• Stephanie Price

Semana Santa and Easter in Quarantine

Well, Happy Easter, Semana Santa or whatever it is that you're celebrating or not celebrating! I bet no one ever thought that we would be 'celebrating' from home, having virtual parties and streaming your religious stuff online. I know that I definitely didn't. And I know that no one in Spain did. So firstly, what even is Semana Santa? Well, think of it like Easter except minus the Easter bunny and add in a lot of religion. Instead of simply celebrating Easter Sunday like most do in the United States, it's more of a week long celebration. During a normal year, schools would take off the whole week and the last half of the week would be bank holidays meaning that no one would work. Fast forward to 2020 and things are a bit different.

Semana Santa en Segovia

I want to take a look at how things are different and how it's impacting people individually and our societies. How is the quarantine going so far? As it been beneficial or just the opposite? Everyone has an opinion and an experience, as anyone with any form of social media can see. I am not here to tell anyone how to be, think or feel, but instead all I can do is to share my own view and experience; to share what is happening in Spain during this crazy time and during the most religious of all holidays. Maybe it'll help a little, maybe not, you decide.

Spain update & opinions:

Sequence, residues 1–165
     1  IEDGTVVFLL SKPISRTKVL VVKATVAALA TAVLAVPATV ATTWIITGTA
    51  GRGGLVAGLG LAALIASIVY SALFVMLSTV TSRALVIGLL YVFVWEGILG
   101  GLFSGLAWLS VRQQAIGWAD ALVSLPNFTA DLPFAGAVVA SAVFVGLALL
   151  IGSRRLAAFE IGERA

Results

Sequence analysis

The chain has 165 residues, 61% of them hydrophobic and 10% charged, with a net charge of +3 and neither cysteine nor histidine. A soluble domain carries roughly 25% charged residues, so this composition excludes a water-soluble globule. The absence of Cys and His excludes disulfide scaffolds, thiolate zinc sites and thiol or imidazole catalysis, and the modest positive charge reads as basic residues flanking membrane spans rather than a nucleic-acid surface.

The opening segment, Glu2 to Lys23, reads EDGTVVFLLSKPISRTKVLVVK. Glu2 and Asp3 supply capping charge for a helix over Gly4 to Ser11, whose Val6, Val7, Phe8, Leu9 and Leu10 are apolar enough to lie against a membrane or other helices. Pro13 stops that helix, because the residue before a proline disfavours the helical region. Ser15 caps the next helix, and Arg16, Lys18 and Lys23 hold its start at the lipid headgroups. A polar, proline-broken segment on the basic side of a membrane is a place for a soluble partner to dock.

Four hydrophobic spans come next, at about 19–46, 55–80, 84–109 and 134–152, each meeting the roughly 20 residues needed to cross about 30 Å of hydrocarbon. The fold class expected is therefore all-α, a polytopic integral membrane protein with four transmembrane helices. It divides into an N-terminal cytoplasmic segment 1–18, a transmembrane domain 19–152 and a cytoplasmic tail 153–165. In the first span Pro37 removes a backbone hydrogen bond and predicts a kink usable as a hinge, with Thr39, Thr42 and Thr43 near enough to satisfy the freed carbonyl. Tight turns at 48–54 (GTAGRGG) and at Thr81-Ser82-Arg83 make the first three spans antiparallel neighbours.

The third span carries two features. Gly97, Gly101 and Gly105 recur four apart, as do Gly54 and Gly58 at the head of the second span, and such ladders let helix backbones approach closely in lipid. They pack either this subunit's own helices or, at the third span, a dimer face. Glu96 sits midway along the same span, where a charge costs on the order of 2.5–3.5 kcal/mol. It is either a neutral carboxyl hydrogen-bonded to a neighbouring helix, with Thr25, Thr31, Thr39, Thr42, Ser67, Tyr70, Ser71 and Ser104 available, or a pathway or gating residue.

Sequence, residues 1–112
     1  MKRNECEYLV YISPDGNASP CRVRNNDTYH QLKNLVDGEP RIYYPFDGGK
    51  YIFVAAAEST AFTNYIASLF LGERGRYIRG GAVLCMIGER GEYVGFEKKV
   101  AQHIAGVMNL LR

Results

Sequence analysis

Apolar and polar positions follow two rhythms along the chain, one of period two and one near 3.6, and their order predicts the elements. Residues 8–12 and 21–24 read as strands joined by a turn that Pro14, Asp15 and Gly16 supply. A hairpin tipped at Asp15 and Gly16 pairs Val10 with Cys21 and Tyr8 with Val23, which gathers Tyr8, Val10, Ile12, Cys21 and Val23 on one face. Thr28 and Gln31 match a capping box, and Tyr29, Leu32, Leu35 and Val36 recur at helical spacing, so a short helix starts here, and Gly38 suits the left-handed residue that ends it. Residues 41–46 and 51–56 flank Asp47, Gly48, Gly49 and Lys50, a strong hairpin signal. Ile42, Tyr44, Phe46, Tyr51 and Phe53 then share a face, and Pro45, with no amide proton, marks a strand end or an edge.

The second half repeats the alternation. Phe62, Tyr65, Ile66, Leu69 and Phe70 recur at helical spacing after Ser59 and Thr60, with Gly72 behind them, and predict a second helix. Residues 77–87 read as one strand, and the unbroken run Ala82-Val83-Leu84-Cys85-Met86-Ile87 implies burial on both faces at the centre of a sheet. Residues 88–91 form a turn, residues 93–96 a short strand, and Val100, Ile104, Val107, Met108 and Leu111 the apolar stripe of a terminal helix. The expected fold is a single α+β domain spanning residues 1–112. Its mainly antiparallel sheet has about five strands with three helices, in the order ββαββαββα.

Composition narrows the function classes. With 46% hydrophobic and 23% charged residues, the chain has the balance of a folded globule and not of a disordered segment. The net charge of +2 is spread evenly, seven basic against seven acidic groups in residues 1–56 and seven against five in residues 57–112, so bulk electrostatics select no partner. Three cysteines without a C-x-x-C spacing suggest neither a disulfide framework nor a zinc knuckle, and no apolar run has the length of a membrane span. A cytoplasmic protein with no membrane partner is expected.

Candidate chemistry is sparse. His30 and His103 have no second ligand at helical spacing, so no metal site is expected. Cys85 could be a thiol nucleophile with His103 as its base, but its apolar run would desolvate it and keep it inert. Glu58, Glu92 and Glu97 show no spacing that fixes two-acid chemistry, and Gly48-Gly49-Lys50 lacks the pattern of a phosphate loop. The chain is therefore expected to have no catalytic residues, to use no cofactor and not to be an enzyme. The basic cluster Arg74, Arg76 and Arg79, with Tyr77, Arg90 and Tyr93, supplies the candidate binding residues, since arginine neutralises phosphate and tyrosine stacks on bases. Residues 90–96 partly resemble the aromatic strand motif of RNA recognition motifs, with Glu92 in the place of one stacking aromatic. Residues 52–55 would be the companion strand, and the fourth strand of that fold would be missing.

So, what has changed in Spain with the quarantine? Absolutely nothing. If you haven't already, read my previous post which explains everything happening in Spain. So this is a bit of a follow up, as it seems like many people, including myself, are beginning to struggle a bit. We are now on day 30 of our lockdown. It could be more or less, honestly I'm not even sure. As of right now we have a minimum of 2 weeks left, most likely with at least 4. First we celebrated my partner's birthday and first Father's Day at home and next up, Mother's Day and my birthday. Personally, I have no issue with that, but how crazy.

But just to reiterate, when I say lockdown, I mean lockdown. No going outside for anything, not a walk, not a run, nothing. Let me repeat that: We can not go for even a walk alone. So for those Americans who are constantly complaining about not being able to go outside, haha, well maybe you should look at the actual definition of outside. You can not go shopping or gather in groups or to restaurants, but yes, you can go outside. You can enjoy your own yards with your family, you can go for a walk down the street or a run. In many places you can still ride bikes, go for hikes and go to the parks. Please, please appreciate this. And most of middle-class Americans who have homes instead of apartments, please appreciate that space as well. Now is simply the time to be home with your family's. Yes, it's tough, yes it's incredibly stressful at times, yes kids are difficult. But enjoy this time because you will probably never have it again. Don't get me wrong, I've broken down a few times, today included. I am desperate to have my family come and visit, since I have an almost 6 month old who barely knows either side of her family. I miss nature like crazy and going to the park with my baby. I miss the birds, the trees and the sun. So this morning, I almost lost it and went for an illegal 5 minute walk so I could feel the sun on my face. This is not easy, but we will get through it and will grow because of it. This time is forcing us to look at ourselves, to truly look at ourselves inside and find out who we are and how we react to things. This is the time to see what kind of relationships we really have with people. This is the time to really realize what is important to us and what we want out of life. This time is scary because a lot of people don't like what they find on the inside, but if that's the case then this is the time to face it and to grow.